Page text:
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Illustration: Sarah Grillo/Axios

Colleges and universities are expecting the lowest foreign enrollment since World War II due to the pandemic’s travel restrictions and the Trump administration.

Why it matters: Foreign students are a vital source of revenue for U.S. universities, which are already suffering other revenue losses because of the pandemic.

  • They are also an important pipeline for high-skilled labor. After graduation, many provide temporary work in high-skilled fields through the Optional Training Program (OPT) and H-1B visas.

Driving the news: U.S. Immigration Customs and Enforcement (ICE) reinforced its March guidance that new international students are not allowed into the country if their courses go online only.

  • The State Department has also barred travelers coming directly from China, America's largest source of foreign students followed by India.

The big picture: U.S. colleges rely heavily on international students for their full tuition dollars and research prestige — most STEM programs have a majority of these students. Universities have already lost several revenue sources through athletics and housing.

  • The American Council on Education estimated a 25% decline of international student enrollment this fall and a $25 billion revenue loss for education institutions.
  • Schools don't have an official count yet for their fall enrollments, but many say their international students have deferred until the spring.

The state of play: U.S. embassies and consulate offices are just beginning to reopen, and both universities and students worry a backlog for visa approvals could persist into next year.

  • Some students under a travel restriction may even try to enter the U.S. through a third country, quarantine for 14 days and then board a plane to the U.S.
  • "We can never recommend that," Ravi Shankar, assistant vice provost and director of the International Services Office at the University of Rochester, tells Axios. "You have to make the decision that is best for you, but we say please take into consideration the safety and security when you’re considering going into a third country like Cambodia or Vietnam for example."

Enrollment offices are often the go-between for international students, helping them navigate other countries' travel restrictions and airline policies and providing health information to minimize fear of the virus, said Brian Ehrlich, vice president for enrollment management at the Florida Institute of Technology, whose student body is comprised of about 20% international students.

By the numbers: International students make up 6% of universities and colleges. They also contributed $41 billion to the U.S. economy in the 2018-19 school year, according to NAFSA.

  • More than 458,000 jobs were created by international students supported by their spending last year.
  • Unwelcoming immigration policies has been one of several reasons international student enrollment has been declining since 2016. The decline in recent years has cost the U.S. economy $11.8 billion and more than 65,000 jobs.

Trump's rhetoric and policies have already discouraged international students, said Ming Hsu Chen, a law professor at the University of Colorado, Boulder.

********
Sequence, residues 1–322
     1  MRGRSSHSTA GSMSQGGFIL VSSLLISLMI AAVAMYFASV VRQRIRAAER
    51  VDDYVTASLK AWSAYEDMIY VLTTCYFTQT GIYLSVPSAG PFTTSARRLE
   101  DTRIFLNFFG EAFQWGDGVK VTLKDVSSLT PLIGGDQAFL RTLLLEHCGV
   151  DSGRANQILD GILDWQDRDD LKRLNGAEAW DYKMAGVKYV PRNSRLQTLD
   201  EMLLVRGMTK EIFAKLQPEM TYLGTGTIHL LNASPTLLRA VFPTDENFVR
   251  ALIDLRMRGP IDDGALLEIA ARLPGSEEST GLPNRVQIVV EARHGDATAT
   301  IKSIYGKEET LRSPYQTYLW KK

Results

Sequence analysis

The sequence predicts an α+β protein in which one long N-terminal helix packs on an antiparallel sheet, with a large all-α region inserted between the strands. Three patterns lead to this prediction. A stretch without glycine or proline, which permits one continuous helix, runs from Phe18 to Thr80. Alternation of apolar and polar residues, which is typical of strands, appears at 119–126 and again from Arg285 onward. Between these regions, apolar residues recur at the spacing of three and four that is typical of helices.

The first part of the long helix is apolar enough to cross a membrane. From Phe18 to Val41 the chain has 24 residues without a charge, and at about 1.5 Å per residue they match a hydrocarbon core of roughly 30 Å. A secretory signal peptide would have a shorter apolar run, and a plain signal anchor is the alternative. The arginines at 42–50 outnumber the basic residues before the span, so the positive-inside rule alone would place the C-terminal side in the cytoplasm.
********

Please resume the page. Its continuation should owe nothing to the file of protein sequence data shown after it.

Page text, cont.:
• "The public health situation taps into deep-seated fears of immigrants bringing disease and otherwise posing a threat to American society. This has been true with Ebola, HIV, SARS and other episodes in history. Another reason is the fact that the coronavirus came from abroad and lets people reflexively think of closing borders as the solution."

The bottom line: Educational institutions were already in a fragile state before the pandemic. Now this potential exodus endangers their pockets and prestige.

  • The regulations "in the larger context will impact the ability and interest from international students to choose the United States as a destination for education. We’re losing the edge," Shankar said.

Go deeper

NYC schools will change admission requirements to address segregation

Bill De Blasio. Photo: Alexi Rosenfeld/Getty Images

New York City will change admission requirements in middle and high schools to address segregation issues which have been exacerbated by the coronavirus pandemic, Mayor Bill De Blasio announced on Friday.

Why it matters: New York has one of the most segregated school systems, with students of color — particularly Black and Latino — underrepresented in selective schools.

Updated 1 hour ago - Energy & Environment

Bomb cyclone prompts blizzard warnings from Virginia to Maine

Computer model projection showing the intense storm off of Cape Cod on Jan 29, 2022, with heavy snow and strong winds lashing the coastline. (Weatherbell.com)

Blizzard warnings are in effect for 11 million people from coastal Virginia to eastern Maine as a powerful and potentially historic winter storm is set to slam the Mid-Atlantic and Northeast beginning Friday.

Why it matters: The storm will bring an array of hazards, from zero visibility amid hurricane force wind gusts and heavy snow to coastal flooding that will erode vulnerable beaches and threaten coastal property from the Jersey shore to coastal Massachusetts.

Republican-led Pennsylvania court deems mail-in voting law unconstitutional

Workers count ballots for the 2020 Presidential election at the Philadelphia Convention Center in Philadelphia, Pennsylvania, U.S., on Nov. 3, 2020. Photo: Hannah Yoon/Bloomberg via Getty Images

A Republican-led Pennsylvania court on Friday ruled that the state's mail-in voting law is unconstitutional.

Driving the news: Three Republican judges sided with Republican challengers and ruled that no-excuse mail-in voting is prohibited under the state's constitution. Two Democrats on the panel dissented.